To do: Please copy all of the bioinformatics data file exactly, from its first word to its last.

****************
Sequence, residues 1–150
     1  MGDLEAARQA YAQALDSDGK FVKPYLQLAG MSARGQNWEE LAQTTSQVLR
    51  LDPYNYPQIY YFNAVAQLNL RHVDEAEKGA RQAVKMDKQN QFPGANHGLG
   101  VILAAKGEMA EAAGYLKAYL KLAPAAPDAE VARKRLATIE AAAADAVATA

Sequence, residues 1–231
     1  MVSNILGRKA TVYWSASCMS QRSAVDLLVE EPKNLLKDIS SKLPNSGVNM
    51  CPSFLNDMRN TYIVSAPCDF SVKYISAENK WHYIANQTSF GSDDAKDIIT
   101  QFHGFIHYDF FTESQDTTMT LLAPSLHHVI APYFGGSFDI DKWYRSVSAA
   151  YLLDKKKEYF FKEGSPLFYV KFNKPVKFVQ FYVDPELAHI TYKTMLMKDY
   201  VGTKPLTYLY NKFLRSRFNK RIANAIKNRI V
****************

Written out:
Sequence, residues 1–150
     1  MGDLEAARQA YAQALDSDGK FVKPYLQLAG MSARGQNWEE LAQTTSQVLR
    51  LDPYNYPQIY YFNAVAQLNL RHVDEAEKGA RQAVKMDKQN QFPGANHGLG
   101  VILAAKGEMA EAAGYLKAYL KLAPAAPDAE VARKRLATIE AAAADAVATA

Sequence, residues 1–231
     1  MVSNILGRKA TVYWSASCMS QRSAVDLLVE EPKNLLKDIS SKLPNSGVNM
    51  CPSFLNDMRN TYIVSAPCDF SVKYISAENK WHYIANQTSF GSDDAKDIIT
   101  QFHGFIHYDF FTESQDTTMT LLAPSLHHVI APYFGGSFDI DKWYRSVSAA
   151  YLLDKKKEYF FKEGSPLFYV KFNKPVKFVQ FYVDPELAHI TYKTMLMKDY
   201  VGTKPLTYLY NKFLRSRFNK RIANAIKNRI V